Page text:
Newsletter Signup x

Blue's story

Blue was diagnosed with acute myeloid leukaemia (AML Mk 4 in March 2011. Blue’s mum, Francesca tells their story so far:

Blue boy with nasal tube

The symptoms on his body

Blue was diagnosed with acute myeloid leukaemia (AML) Mk 4 in March 2011. His symptoms were bruising on his body and nose bleeds, a sign that his platelets were low. He was blue-lighted to William Harvey Hospital in Ashford where he was found to have leukaemia. We were then transferred by paediatric ambulance to Addenbrooks in Cambridge almost 150 miles away from friends and family where it was to be diagnosed as Acute Myeloid Leukaemia MK 4, an aggressive type of blood cancer with a less than average survival rate. After 10 days we were transferred to The Royal Marsden in Sutton, where intensive chemotherapy began.

 

Remission then the cancer returned again

Blue went into remission in August 2011 but by November 2011 it had returned more aggressively than before. Again we went into an intensive treatment programme. On February 13th 2012 it was found to be refractory and there was nothing more they could do for him so we were sent home with palliative care and I was advised to make his last few weeks as comfortable as possible. I WAS NOT GIVING UP THAT EASILY and begged to see a consultant. 10 days later we saw two doctors at The Royal Marsden. They said they had two drugs that had never been used on a child of Blues age before and it only had a 10-15% chance of working but it was highly likely the toxic treatment would kill him.

 

Blue's donor Andreas

Blue received a bone marrow transplant from a donor in Germany

I took the risk and it worked and Blue was able to go forward for a bone marrow transplant from an unknown donor in Germany seen in the photo. Blue had his transplant on the 10th May 2012. 28 days later Blue became extremely ill and contracted many post-transplant complications, pneumonia, tifilitis, C Diff, Ssepsis, BK virus, ulcerative Colitis , Klebsiella, severe GVHD of the gut and bowel and many more. Basically his frail body was fighting itself. His body wasted from the intensive chemotherapy and unable to drink or eat. Blue was in intensive care continually, at one point I was told they didn’t think he would make the morning so I asked for a priest. Blue was a fighter and after an horrendous time fighting complications after transplant (far too many to list ) he finally left hospital in July 2013 after having spent two years and four months, two birthdays and two Christmas’ in isolation.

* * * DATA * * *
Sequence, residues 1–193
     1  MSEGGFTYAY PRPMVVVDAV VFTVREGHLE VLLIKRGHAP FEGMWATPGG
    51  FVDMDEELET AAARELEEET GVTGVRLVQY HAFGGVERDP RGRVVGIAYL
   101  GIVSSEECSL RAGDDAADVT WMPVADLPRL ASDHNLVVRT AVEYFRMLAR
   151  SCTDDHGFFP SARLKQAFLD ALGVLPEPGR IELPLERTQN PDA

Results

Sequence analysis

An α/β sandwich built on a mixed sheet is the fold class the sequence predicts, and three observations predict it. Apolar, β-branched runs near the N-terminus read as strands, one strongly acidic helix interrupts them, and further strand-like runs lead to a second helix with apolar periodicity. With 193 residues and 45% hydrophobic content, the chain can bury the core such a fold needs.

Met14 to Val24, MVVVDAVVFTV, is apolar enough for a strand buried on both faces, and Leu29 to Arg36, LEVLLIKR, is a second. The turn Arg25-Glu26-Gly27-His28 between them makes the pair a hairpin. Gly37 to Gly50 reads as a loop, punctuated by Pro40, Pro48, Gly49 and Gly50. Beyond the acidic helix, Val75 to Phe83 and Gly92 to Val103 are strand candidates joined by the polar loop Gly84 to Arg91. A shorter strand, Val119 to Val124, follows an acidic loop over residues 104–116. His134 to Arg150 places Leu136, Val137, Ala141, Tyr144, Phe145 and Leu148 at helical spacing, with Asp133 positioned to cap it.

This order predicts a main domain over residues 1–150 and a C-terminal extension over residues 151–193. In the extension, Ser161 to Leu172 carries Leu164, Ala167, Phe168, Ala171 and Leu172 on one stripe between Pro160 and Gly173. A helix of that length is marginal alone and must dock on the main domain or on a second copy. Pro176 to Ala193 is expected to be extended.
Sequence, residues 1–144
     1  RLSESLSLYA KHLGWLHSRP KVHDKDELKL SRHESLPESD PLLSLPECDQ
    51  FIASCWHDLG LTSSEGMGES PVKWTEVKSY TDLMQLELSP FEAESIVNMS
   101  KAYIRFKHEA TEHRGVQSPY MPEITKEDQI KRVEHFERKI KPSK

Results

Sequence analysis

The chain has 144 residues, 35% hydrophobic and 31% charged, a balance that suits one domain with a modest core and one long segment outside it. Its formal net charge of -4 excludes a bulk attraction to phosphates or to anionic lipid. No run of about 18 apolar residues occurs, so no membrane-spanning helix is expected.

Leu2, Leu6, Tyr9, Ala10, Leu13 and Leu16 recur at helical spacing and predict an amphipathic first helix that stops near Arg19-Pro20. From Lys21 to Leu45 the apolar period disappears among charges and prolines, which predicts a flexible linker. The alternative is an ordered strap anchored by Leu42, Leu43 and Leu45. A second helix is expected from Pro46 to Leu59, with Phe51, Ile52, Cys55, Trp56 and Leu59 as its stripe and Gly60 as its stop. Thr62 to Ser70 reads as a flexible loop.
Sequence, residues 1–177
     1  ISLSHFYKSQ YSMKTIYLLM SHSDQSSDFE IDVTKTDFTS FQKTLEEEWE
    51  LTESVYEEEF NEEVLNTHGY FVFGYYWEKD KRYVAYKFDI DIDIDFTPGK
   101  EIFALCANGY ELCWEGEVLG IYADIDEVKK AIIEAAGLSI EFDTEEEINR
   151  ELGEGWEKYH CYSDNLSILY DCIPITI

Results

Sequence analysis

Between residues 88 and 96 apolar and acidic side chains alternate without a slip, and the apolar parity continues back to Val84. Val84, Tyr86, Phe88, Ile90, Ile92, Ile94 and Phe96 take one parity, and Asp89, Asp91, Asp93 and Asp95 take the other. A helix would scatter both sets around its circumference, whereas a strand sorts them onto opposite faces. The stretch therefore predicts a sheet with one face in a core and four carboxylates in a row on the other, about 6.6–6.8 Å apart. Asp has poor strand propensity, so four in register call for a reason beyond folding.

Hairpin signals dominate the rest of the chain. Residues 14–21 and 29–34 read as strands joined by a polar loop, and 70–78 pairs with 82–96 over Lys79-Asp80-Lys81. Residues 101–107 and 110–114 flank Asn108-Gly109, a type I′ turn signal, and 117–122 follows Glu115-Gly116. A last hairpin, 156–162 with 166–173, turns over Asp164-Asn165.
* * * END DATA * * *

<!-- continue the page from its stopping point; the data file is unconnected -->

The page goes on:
Blue wear the ribbon ccam 2018

Declared medically cured

Blue was finally declared “medically cured” in May 2017, five years to the day of his transplant. The Royal Marsden have declared him “their miracle” and one of the doctors said in 25 years of medicine and haematology, he had never seen anyone with such a bad cancer go through to a cure. The drugs Cyclophosphamide and Etoposide are now regularly used on children due to Blue’s bravery and have gone on to save many more lives.

 

Newsletter icon

Know someone who might be interested in fundraising?

Email this page to a friend!

Developing models to test new drug treatments for childhood leukaemia

New approaches to the treatment of childhood leukaemia are being developed all the time, and with this project, ...

Read more

Get Involved Stories – Cycling London to Paris May 2012

In May 2012 Stuart Byford, Katie Nicholas and Mark Foster cycled from London to Paris to help raise ...

Read more

Understanding treatment-resistance and disease-spread in childhood gliomas

This project is looking paediatric glioblastoma (pGBM) and diffuse intrinsic pontine glioma (DIPG), two brain tumours that affect ...

Read more